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Building Linguistic Bridges(2)

2014-08-11 16:28 Beijing Review Web Editor: Qian Ruisha

At her first glance soldiers would lose their town;

At her second a monarch would lose his crown.

How could the soldiers and monarch neglect their duty?

For town and crown are overshadowed by her beauty.

While the Chinese were willing to abandon a town and even an entire kingdom for a beauty, the ancient Greeks waged a bloody, protracted war with the Trojans after the latter stole away with Helen, considered the most beautiful of all women, from her husband, the Greek hero Menelaus, Xu said, referring to the Trojan War in Greek mythology.

"This inherent aggressiveness, which urged Westerners to fight for their interests and helped build strong empires, is starkly absent in Chinese culture," Xu said.

Championing innovation

Unlike most office workers, Xu's typical workday starts at around 9 p.m. and lasts until the wee hours of the morning, sometimes even through dawn. He enjoys physical activities such as biking and strolling.

Xu said that translation gives him a great sense of fulfillment and he is determined to persist in it despite his advancing age. As a rule, those who take a deep interest in their career are most likely to succeed.

Indeed, Xu has reason to take pride in how far he has gone in his beloved career. After reading his English translation of Selected Poems of Li Bai (1987), the late Chinese scholar Qian Zhongshu commented, "If Xu had lived in the same age as Li Bai, they would have become good friends." Li was one of the highest-achieving poets in the Tang Dynasty (618-907).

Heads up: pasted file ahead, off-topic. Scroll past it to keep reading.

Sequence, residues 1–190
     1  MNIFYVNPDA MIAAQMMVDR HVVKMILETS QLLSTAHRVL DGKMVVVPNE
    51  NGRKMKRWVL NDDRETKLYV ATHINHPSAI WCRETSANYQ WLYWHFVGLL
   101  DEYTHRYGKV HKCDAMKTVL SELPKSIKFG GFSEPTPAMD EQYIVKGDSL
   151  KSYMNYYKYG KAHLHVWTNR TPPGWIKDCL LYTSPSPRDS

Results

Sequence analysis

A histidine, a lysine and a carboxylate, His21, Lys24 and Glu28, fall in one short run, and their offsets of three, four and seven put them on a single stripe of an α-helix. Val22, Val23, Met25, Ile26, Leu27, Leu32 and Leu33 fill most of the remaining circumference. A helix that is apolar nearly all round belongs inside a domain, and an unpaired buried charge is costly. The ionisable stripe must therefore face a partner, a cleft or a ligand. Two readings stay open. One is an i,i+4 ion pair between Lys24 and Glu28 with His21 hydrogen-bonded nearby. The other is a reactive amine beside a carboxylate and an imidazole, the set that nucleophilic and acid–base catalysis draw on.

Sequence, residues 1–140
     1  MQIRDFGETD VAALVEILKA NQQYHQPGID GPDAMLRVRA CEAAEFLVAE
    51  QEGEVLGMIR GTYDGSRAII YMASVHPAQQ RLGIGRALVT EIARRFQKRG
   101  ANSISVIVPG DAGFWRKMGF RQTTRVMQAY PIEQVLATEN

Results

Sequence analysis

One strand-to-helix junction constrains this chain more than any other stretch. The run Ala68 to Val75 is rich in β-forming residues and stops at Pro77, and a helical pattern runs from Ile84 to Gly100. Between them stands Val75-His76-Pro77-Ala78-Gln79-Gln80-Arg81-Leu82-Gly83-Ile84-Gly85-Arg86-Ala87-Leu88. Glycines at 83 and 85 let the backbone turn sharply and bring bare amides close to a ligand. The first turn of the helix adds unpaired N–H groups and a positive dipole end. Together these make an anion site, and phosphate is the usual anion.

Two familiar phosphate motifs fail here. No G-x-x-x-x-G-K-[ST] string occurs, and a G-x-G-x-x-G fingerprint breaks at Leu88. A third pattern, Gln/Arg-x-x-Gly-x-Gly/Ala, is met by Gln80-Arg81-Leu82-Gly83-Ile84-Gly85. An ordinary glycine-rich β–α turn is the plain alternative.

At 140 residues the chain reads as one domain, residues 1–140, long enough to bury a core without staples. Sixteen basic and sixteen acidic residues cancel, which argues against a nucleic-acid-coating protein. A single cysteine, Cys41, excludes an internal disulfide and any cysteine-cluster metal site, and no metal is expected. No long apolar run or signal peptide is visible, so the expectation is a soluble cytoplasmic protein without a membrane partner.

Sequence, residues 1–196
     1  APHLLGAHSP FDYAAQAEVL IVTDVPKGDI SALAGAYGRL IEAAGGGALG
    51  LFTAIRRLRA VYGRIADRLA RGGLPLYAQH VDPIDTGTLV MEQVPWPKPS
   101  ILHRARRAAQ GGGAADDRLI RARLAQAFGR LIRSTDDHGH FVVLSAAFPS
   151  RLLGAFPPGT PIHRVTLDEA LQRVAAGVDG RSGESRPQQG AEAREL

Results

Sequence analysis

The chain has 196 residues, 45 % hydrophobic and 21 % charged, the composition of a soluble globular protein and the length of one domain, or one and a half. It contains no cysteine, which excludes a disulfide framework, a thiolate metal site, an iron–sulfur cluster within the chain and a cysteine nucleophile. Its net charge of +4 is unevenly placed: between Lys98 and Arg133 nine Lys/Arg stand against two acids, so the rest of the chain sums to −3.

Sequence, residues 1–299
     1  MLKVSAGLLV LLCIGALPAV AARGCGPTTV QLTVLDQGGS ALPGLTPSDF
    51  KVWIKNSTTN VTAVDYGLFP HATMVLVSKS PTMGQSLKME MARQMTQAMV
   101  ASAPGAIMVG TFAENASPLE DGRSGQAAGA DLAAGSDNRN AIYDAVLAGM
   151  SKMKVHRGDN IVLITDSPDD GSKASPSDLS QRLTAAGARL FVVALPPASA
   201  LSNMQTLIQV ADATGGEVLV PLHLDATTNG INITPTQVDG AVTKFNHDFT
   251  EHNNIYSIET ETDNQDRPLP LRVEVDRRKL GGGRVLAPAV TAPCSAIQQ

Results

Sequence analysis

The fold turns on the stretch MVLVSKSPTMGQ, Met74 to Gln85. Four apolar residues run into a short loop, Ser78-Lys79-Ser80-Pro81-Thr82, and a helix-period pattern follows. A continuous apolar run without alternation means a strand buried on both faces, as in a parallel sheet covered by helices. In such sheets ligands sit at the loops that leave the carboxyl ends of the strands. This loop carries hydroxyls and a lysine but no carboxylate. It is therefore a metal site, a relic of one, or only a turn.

In 1994, British publishing company Penguin Books launched Xu's Songs of the Immortals—An Anthology of Classical Chinese Poetry in Britain, the United States, Canada, Australia and several other countries, making him the first Chinese translator to have his works printed by the renowned publisher. In 2010, the Translators Association of China conferred on Xu the Lifetime Achievement Award in Translation.

But his approach to literary translation, expounded upon in a series of monographs on the subject, has been a matter of heated debate in academic communities. While Xu regards literary translation as an art that calls for re-creation and innovation, some academics prefer treating it as a science, producing a strict equivalent of the original. They believe that translators should write as if they are "wearing a straightjacket," restraining them from deviating from the original text. Critics have questioned Xu's use of Chinese idioms in translations, accusing him of resorting to clichés, or have fully rejected his liberal approach.

Still, Xu's works remain popular with publishers and readers alike. Yu Xiaoqun, President of Beijing-based Dolphin Books, a publisher of his works, said, "Xu is a translator with a distinctive style. He has broken many shackles that have long restricted translators. Though debates about his translation style continue, his works are well received overseas."

One of Xu's greatest achievements is spearheading the Chinese theory of literary translation, said Zhang Xiping, a professor at Beijing Foreign Studies University. In Xu's opinion, the "dynamic equivalence" advocated by Western translation theorists applies to adaptations between European languages, in which 90 percent of words are similar. That theory, Xu believes, may not work as well when it comes to Chinese, as more than 50 percent of Chinese words do not have equivalents in Western languages.

"The prime reason Xu has challenged Western theories is that he is, before all else, a translator—a master experienced in rendering Chinese into foreign languages and the other way around," Zhang said.

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